President Museveni has directed artisanal miners in Mubende District to vacate areas, which the government licensed to investors.
Since June, the artisanal miners have been receiving verbal threats of evictions from local leaders but they had not received any formal communication from the President.
In a letter dated June 28, addressed to Members of Parliament from Mubende District, President Museveni acknowledged receipt of their letter dated June 16, requesting government to give artisanal miners ample time before being evicted.
“I agree to give ample time to the artisanal miners in Mubende District. That is not a problem. The bigger issue is to keep in mind what we talked about in the meeting,” the President said. By press time, this newspaper could not independently establish the details of what transpired in a meeting that was reportedly held in June between the President and MPs from Mubende.
According to the letter, the meeting compared the minerals to a family banana plantation where by children of the family or any other family members do not cut immature bananas. Even where the bananas mature, it is the head of the family, in this case the government, to determine how much bunches should be cut by who and when.
The artisanal miners through their parliamentarians have expressed fears that there is an impending eviction of more than 50,000 miners in Kitumbi and Bukuya sub-counties.
“The investor is there to help us know whether there is gold and if so, how much of it. Why should anybody interfere with this?” President Museveni said.
He directed that those who invaded the area where the investor had made excavations must straight away leave. “The ample time we talked about should be in portions that are away from where the investor had gone to work,” President Museveni added in a letter he copied to the prime minister, the Inspector General of Police (IGP), the chief of defence forces, the Defence and Mineral Development ministers.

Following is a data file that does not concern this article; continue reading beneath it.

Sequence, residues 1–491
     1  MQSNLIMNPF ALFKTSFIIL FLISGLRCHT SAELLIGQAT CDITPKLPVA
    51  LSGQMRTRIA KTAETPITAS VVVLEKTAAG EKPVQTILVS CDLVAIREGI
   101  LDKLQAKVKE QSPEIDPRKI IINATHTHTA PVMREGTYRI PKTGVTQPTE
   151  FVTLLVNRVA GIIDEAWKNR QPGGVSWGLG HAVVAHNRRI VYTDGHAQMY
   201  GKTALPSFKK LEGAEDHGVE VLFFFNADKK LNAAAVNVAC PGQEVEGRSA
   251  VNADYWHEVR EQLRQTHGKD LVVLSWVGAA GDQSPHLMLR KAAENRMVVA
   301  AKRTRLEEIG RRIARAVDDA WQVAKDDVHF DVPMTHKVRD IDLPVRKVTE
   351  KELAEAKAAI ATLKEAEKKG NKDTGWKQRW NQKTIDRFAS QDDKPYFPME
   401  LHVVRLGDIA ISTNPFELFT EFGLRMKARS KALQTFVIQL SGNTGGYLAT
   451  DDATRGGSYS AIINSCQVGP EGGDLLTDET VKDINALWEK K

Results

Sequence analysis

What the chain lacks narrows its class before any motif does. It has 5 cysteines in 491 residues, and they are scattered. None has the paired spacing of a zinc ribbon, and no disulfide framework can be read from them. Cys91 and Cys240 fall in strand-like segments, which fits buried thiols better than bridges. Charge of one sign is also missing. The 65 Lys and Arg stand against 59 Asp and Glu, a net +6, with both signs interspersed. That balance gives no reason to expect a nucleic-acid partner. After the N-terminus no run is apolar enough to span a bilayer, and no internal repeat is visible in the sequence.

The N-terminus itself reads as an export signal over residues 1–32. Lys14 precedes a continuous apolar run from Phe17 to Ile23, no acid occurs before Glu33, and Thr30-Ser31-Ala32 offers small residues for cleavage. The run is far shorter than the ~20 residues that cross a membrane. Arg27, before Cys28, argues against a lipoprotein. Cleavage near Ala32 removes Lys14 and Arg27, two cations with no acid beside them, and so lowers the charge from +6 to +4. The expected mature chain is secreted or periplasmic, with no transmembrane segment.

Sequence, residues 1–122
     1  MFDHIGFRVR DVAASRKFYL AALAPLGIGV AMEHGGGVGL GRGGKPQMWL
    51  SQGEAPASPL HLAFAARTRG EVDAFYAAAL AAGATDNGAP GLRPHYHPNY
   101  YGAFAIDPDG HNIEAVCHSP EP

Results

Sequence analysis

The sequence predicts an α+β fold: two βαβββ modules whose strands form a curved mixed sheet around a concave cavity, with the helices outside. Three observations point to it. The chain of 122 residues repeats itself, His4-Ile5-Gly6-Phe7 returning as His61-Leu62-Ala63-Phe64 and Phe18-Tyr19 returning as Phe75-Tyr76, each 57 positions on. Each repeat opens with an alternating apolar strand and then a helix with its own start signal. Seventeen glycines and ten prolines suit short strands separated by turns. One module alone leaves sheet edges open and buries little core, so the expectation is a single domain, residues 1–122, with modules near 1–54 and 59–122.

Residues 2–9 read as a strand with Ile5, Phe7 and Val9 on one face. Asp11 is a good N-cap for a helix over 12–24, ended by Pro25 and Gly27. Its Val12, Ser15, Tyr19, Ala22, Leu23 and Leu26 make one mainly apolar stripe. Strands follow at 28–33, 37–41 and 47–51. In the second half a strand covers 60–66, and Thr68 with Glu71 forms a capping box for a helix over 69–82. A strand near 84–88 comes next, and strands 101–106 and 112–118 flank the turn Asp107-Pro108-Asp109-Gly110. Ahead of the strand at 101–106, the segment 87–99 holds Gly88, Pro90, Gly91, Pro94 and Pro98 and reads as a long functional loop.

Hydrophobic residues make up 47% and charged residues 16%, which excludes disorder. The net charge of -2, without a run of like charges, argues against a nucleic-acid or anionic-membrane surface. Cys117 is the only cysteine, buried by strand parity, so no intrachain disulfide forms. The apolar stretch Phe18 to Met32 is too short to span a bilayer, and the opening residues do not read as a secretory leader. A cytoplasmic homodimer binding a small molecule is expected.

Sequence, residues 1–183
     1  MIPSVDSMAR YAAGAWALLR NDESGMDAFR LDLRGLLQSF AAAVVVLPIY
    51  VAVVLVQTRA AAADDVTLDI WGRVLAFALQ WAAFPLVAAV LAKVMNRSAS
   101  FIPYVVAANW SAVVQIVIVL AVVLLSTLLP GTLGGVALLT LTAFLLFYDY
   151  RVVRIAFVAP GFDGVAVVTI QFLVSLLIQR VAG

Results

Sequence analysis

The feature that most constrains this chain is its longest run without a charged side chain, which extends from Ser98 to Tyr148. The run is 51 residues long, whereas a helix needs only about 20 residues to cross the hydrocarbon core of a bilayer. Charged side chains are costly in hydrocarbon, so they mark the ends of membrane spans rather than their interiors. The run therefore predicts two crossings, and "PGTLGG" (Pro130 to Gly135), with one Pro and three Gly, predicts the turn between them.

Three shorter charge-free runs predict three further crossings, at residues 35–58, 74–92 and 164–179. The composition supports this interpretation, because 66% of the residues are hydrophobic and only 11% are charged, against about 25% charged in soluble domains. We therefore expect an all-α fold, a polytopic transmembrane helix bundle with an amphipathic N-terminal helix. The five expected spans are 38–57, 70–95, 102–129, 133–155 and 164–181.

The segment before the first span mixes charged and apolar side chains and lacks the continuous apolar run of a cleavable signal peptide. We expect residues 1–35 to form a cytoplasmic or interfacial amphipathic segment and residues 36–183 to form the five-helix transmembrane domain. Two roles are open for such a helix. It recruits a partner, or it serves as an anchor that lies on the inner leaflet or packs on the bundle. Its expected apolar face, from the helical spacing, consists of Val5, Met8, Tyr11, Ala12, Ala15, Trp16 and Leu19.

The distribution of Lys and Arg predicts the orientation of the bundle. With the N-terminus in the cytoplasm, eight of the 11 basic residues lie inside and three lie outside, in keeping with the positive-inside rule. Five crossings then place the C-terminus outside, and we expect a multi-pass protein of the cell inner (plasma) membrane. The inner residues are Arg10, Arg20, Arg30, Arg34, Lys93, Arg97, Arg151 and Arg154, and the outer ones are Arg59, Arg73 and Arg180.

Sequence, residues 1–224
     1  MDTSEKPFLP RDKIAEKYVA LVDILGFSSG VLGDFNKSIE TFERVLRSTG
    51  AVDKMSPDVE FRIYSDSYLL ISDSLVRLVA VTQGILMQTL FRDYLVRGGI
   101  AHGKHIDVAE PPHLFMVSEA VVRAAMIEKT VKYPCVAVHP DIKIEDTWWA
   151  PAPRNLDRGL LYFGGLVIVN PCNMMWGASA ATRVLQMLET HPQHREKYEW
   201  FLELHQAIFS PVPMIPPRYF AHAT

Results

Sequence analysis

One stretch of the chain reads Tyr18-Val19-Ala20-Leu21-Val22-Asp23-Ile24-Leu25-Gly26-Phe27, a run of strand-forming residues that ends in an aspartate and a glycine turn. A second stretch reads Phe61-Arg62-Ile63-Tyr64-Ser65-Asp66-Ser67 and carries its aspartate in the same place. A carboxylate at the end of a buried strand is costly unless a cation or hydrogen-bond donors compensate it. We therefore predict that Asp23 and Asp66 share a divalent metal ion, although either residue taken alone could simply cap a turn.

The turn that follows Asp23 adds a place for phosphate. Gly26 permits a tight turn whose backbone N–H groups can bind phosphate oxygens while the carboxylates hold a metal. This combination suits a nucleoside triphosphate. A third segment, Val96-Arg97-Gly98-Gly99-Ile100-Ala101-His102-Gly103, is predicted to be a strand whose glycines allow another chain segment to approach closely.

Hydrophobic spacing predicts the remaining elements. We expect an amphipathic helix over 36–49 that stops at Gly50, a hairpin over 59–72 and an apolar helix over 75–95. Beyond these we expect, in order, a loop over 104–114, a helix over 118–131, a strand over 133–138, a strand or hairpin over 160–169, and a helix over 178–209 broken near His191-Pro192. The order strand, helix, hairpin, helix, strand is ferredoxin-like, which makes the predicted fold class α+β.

Ms Irene Muloni, the minister of Energy and Mineral Development, told this newspaper that the government had over the years engaged artisanal miners and guided them on a procedure through which they can be licensed to mine gold.
“We have advised and trained those people to form associations through which they can apply for licences so that whatever they do is formal. If you encroach on a licenced area, what do you expect? They just need to adhere to the law,” Ms Muloni told this newspaper last Friday.
Artisanal miners in Mubende District have been bickering with Gemstone International, a Ugandan Company, that has a licence to explore gold in the district.
Mr John Bosco Bukya, the spokesperson of the Singo Artisanal and Small Scale Miners Association, said the miners request the President to review his directive and protect them. He said artisanal miners applied for a location licence in March 2016 from the Directorate of Survey and Mines but the Ministry of Energy and Mineral Development did not give them any feedback.